Based on a bunch of true stories, woven together....
She could hear them dancing on her roof again.
Skritch, skritch, scriiiiitch, hiss. Well, might as well get up, need to feed the cows soon anyway.
Four skinny bumps were watching from the edge of the roof when she emerged from the kitchen door, dressed for the cold. It might when be warm in the barn with so many large furnaces keeping their fires stoked by chewing the cud, but 'tween here and there, the late frost made for crunchy walking. The fresh owl pellets may have contributed to an occasional extra crunch.
A quiet hissss followed in her wake. They were used to her by now, but the peanut gallery had Opinions. At least there would be less mice to worry about.
Only four bumps, which means -
As if right on cue, a silent buff-and-brown swoosh swooped out the open top half of the Dutch door. It was followed by a second. Both had limp things dangling from their talons.
"Are you wool gathering again?"
"We don't have sheep, you know that."
"Ah, you must be deep in thought, to take me literally."
She shook herself out of her own mind. "Oh, yeah, sorry. What were you saying?"
"Are you going to try to get more pictures of our feathered guests before they take off for good?"
She shuddered. "Not on your life! You saw what mama did to my camera." The last image was clearly a beak much closer than anyone expected, with a fuzzy flurry of cream wisps and a raging dark eye. "Luckily it was the lens protector she cracked, not the lens itself, or that would be a rather expensive replacement. Next year, when we'd have the extra money."
"So not pictures. The treasure hunt again?"
The words seemed to tumble out in her frustration. "It makes no sense! We're farmers! Been that way since great-to-the-fourteenth grandfather came over on the boat as an indentured servant! Where would anyone get it, that the whole town wouldn't know what train was robbed and the exact time and date the money sack changed hands?"
"Like the whole town knew when you rescued those kittens, and were asking about them for weeks."
"Well, they can see those any time they come to call." She glanced over at the furballs curled up cosily on the sofa, now so much bigger than when she saw them first, scared as anything, crouched in the middle of the road where they'd been thrown from a truck that never slowed down. She didn't even think once she saw those lost and terrified eyes, just scooped them into her car. "Luckily Freya and Sif don't seem to remember how they got here."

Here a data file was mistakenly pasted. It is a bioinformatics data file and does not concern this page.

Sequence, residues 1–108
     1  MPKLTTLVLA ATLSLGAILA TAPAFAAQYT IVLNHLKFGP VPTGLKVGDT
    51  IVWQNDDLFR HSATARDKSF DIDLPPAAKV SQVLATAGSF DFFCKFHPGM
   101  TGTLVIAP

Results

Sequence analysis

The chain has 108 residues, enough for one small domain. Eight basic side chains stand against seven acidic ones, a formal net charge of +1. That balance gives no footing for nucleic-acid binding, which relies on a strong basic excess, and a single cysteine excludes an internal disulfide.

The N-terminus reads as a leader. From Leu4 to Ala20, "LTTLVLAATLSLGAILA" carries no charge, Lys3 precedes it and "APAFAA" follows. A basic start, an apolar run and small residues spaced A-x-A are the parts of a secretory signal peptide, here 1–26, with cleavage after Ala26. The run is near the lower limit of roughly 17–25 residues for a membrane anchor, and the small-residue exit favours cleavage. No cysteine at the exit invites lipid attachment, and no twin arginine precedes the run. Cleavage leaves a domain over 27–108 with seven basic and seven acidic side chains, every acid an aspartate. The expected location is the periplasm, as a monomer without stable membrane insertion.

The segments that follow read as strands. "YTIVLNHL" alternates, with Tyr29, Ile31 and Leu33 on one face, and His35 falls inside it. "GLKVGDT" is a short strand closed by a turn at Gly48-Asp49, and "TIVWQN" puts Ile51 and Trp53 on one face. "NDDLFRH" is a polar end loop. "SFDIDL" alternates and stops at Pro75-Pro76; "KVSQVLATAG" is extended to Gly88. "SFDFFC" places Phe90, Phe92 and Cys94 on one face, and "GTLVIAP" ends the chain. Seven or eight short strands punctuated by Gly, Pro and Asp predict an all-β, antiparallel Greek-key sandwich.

"Neither do your ancestors, apparently."
She sighed explosively. "Exactly. All this information, all these memories I've written down, my family's and the town's, trying to figure it all out, and I can't even name the boat. Or how he got here from - wherever. Smuggled in a wine cask! Married a local Princess! Buried treasure! What nonsense. Maybe they were just feeding me fairy tales to keep me entertained as a kid. What child doesn't want to be descended from royalty when you have to go feed the chickens? Someday maybe that prince will come for you and take you away from pig slop and cow patties."
"Well, you warned this particular prince what he was getting into, before we even started dating. This prince knew about the pig slop and cow patties, and also the interesting smells that come with a barnyard, and what a farm girl's day looked like. In exquisite detail. And also how to welcome chicks into the world, and teach ducklings to swim, and the amazing smell from the milk house when we make up the supplemental cow's milk for the newborn calves."